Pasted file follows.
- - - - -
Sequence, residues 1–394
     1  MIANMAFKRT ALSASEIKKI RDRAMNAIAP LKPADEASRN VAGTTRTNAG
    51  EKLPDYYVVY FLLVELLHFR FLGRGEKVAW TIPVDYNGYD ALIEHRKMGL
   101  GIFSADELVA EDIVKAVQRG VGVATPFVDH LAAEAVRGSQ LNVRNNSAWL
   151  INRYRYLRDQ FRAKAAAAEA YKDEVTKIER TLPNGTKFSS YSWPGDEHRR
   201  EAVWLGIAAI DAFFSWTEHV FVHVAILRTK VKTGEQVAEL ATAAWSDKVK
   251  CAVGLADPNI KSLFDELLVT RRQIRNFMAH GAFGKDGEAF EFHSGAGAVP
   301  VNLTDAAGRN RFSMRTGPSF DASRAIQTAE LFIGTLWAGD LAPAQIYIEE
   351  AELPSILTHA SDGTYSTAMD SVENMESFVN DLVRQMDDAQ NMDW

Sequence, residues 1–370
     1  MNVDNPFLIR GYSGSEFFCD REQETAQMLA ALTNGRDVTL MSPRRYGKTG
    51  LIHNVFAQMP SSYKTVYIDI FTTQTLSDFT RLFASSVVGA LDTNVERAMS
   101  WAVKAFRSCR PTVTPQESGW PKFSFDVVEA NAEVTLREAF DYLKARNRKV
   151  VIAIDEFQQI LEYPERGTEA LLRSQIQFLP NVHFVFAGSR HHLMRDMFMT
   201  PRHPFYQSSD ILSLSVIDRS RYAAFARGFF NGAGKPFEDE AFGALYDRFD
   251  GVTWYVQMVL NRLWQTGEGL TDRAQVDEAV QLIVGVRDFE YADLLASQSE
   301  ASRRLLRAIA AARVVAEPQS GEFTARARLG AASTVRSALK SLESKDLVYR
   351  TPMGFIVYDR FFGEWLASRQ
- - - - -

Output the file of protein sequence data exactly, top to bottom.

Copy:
Sequence, residues 1–394
     1  MIANMAFKRT ALSASEIKKI RDRAMNAIAP LKPADEASRN VAGTTRTNAG
    51  EKLPDYYVVY FLLVELLHFR FLGRGEKVAW TIPVDYNGYD ALIEHRKMGL
   101  GIFSADELVA EDIVKAVQRG VGVATPFVDH LAAEAVRGSQ LNVRNNSAWL
   151  INRYRYLRDQ FRAKAAAAEA YKDEVTKIER TLPNGTKFSS YSWPGDEHRR
   201  EAVWLGIAAI DAFFSWTEHV FVHVAILRTK VKTGEQVAEL ATAAWSDKVK
   251  CAVGLADPNI KSLFDELLVT RRQIRNFMAH GAFGKDGEAF EFHSGAGAVP
   301  VNLTDAAGRN RFSMRTGPSF DASRAIQTAE LFIGTLWAGD LAPAQIYIEE
   351  AELPSILTHA SDGTYSTAMD SVENMESFVN DLVRQMDDAQ NMDW

Sequence, residues 1–370
     1  MNVDNPFLIR GYSGSEFFCD REQETAQMLA ALTNGRDVTL MSPRRYGKTG
    51  LIHNVFAQMP SSYKTVYIDI FTTQTLSDFT RLFASSVVGA LDTNVERAMS
   101  WAVKAFRSCR PTVTPQESGW PKFSFDVVEA NAEVTLREAF DYLKARNRKV
   151  VIAIDEFQQI LEYPERGTEA LLRSQIQFLP NVHFVFAGSR HHLMRDMFMT
   201  PRHPFYQSSD ILSLSVIDRS RYAAFARGFF NGAGKPFEDE AFGALYDRFD
   251  GVTWYVQMVL NRLWQTGEGL TDRAQVDEAV QLIVGVRDFE YADLLASQSE
   301  ASRRLLRAIA AARVVAEPQS GEFTARARLG AASTVRSALK SLESKDLVYR
   351  TPMGFIVYDR FFGEWLASRQ